Although deed restrictions have recognized pitfalls, more than 200 people are interested in buying 30 such restricted units in a new affordable housing project.
That level of interest speaks volumes about the importance of the Yampa Valley Housing Authority and the importance of continuing to look for innovative ways to create affordable housing in our community.
Tonight, YVHA will draw names to determine who will have the first chance to own the 30 townhomes in Fox Creek Village, being built this summer off Hilltop Parkway.
The lottery represents a milestone in a project that got off to a rough start. It's also an important moment for YVHA, which only took its current, official form at the beginning of this year.
The city Planning Commission first saw plans for Fox Creek Village a year and a half ago, and the group sharply criticized the plans for being too Spartan and too "cookie-cutterish." At first, that appeared to be a defeat for affordable housing -- the Planning Commission's demands threatened to drive up the price of the units and jeopardize federal grant funding for the project.
Instead, the authority's predecessor, the Regional Affordable Living Foundation, regrouped and redesigned the project to respond to the city's concerns.
The end result was a better-looking, better-quality project that will provide deed-restricted homes for people making 120 percent or less of the area's median income.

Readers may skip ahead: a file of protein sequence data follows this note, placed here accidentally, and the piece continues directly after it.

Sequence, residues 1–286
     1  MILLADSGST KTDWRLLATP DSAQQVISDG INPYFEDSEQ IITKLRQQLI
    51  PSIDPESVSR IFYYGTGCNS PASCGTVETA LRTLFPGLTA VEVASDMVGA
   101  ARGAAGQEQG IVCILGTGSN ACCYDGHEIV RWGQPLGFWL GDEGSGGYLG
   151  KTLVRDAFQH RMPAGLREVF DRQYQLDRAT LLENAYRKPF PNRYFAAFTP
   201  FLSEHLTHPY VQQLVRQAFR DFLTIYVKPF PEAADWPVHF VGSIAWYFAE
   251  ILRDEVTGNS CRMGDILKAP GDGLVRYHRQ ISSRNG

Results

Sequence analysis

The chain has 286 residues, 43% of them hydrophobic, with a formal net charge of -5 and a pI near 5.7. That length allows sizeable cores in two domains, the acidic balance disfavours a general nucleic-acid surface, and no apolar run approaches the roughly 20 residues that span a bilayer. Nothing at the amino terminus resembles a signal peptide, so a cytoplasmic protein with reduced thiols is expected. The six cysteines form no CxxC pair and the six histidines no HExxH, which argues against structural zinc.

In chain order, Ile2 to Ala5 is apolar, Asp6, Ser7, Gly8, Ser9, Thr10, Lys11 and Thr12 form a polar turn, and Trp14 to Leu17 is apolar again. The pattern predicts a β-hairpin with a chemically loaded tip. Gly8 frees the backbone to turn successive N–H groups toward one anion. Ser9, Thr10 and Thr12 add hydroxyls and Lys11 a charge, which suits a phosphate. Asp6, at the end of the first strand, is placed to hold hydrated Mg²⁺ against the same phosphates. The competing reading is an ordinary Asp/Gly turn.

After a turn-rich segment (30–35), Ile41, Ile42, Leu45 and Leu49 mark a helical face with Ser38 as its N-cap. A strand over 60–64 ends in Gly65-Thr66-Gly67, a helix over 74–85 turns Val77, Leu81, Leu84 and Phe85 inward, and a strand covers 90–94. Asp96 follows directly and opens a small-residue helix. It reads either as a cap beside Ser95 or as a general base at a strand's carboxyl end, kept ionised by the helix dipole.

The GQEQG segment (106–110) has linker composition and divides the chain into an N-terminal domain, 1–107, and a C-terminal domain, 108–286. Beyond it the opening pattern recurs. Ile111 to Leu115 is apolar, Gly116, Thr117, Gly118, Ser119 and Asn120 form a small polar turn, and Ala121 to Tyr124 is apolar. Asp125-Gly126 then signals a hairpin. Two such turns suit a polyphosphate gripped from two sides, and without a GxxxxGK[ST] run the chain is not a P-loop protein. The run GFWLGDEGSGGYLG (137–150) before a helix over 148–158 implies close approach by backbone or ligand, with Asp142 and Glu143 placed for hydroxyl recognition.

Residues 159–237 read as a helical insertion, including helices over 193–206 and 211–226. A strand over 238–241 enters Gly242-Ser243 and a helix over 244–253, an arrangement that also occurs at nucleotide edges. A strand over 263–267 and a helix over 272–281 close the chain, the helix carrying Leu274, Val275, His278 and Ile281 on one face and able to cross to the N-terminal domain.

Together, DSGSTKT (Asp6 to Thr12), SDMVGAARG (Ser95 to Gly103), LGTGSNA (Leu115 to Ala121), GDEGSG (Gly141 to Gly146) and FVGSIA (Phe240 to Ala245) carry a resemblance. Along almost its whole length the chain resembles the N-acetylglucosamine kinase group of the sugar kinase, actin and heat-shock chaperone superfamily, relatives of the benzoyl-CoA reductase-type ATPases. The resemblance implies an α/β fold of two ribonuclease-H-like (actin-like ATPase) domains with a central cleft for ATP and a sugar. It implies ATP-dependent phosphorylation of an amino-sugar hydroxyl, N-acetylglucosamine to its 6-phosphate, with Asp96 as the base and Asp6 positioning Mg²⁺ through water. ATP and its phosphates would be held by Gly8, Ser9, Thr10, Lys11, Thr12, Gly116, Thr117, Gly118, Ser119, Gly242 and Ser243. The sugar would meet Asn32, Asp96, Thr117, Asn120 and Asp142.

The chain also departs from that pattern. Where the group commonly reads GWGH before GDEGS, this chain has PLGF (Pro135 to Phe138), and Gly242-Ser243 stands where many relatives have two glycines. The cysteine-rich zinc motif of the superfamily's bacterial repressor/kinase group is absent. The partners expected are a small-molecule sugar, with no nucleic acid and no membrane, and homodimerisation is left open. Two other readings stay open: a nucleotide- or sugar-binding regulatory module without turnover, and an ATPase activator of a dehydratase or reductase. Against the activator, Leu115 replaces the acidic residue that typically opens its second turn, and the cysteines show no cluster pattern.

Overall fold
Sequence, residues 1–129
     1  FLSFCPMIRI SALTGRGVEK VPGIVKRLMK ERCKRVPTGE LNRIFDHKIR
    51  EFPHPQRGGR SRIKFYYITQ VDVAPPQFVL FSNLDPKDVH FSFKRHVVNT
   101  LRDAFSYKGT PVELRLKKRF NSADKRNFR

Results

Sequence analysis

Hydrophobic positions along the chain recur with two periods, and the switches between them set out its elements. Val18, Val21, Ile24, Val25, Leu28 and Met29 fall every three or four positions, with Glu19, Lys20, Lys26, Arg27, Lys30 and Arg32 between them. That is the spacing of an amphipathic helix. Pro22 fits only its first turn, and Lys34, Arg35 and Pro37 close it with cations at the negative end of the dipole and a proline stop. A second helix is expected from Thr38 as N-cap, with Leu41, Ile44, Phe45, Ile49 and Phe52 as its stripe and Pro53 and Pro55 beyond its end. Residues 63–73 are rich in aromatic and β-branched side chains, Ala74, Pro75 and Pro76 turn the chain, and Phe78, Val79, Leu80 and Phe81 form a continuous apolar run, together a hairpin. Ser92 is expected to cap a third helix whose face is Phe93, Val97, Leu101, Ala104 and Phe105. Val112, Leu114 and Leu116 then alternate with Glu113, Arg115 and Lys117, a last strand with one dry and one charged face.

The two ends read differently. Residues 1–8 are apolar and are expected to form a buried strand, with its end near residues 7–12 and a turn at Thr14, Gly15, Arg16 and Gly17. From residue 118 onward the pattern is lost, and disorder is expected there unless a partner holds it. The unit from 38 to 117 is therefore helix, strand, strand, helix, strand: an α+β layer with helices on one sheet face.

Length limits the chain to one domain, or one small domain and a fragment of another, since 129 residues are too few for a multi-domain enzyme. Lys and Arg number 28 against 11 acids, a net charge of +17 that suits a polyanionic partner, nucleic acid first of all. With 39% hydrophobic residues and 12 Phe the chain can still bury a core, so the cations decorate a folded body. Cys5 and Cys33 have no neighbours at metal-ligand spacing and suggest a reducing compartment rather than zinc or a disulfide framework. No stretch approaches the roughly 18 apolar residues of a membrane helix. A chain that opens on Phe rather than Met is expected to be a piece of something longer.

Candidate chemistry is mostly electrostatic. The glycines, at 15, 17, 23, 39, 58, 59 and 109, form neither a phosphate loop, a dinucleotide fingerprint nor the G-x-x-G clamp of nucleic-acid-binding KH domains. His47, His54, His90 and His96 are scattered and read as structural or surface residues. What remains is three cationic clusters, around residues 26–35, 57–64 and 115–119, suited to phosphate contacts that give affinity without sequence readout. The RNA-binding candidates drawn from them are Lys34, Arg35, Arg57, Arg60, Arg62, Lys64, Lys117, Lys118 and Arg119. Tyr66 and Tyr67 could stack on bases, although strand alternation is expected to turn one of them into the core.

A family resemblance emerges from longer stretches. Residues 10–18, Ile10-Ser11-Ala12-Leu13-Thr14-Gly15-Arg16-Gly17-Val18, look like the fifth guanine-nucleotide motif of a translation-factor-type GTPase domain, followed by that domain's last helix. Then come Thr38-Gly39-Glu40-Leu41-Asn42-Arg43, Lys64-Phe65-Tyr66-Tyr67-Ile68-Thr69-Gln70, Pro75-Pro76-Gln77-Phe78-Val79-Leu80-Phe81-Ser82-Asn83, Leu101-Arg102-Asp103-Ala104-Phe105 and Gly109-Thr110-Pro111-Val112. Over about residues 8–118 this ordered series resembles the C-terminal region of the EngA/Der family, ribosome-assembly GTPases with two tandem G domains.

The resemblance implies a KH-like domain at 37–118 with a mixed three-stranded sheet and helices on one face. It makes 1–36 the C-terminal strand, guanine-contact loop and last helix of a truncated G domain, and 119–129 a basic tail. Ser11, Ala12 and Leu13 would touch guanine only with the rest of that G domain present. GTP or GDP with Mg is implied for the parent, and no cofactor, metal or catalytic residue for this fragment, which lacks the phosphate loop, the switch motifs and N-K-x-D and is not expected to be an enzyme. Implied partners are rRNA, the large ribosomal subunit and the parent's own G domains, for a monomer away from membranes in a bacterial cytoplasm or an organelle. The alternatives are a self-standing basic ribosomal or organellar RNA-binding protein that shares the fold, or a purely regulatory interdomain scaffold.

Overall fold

Two-thirds of the two-bedroom, two-bathroom units will sell for $175,000 each and will go to people making less than 80 percent of the median income. The remainder of the units will sell for $190,000 and will go to those making 80 percent to 120 percent of the median income.
The tradeoff, for the qualified people chosen at tonight's lottery, will be the knowledge that when they sell the $175,000 townhomes, they will be able to sell for no more than the original purchase price plus 3 percent of the compounded annual increase on that price. Those who buy the $190,000 units won't face a price restriction at resale. However, their gains will be limited by potential buyers' income bracket, much like the restriction in place in the West End Village affordable housing project.
That more than 200 people are interested in this project, despite the pitfalls of deed restrictions, is more proof of how great the local need is for affordable housing.
And, recognizing the downside of deed restrictions, we need to continue looking for other ways to create housing that members of Steamboat Springs' working class can afford.
The city must keep an open mind as it examines some of the projects coming before it today -- small-lot subdivisions and live-work spaces.
City planners' insistence that Fox Creek Village aim higher resulted in a better project for its future residents. It is the planners' job to measure all projects against the city's development code.
We hope that while defending the code, they will balance the shortcomings of such innovative development proposals with their potential. It's those proposals that ultimately could put the many who won't get a Fox Creek unit into homes of their own.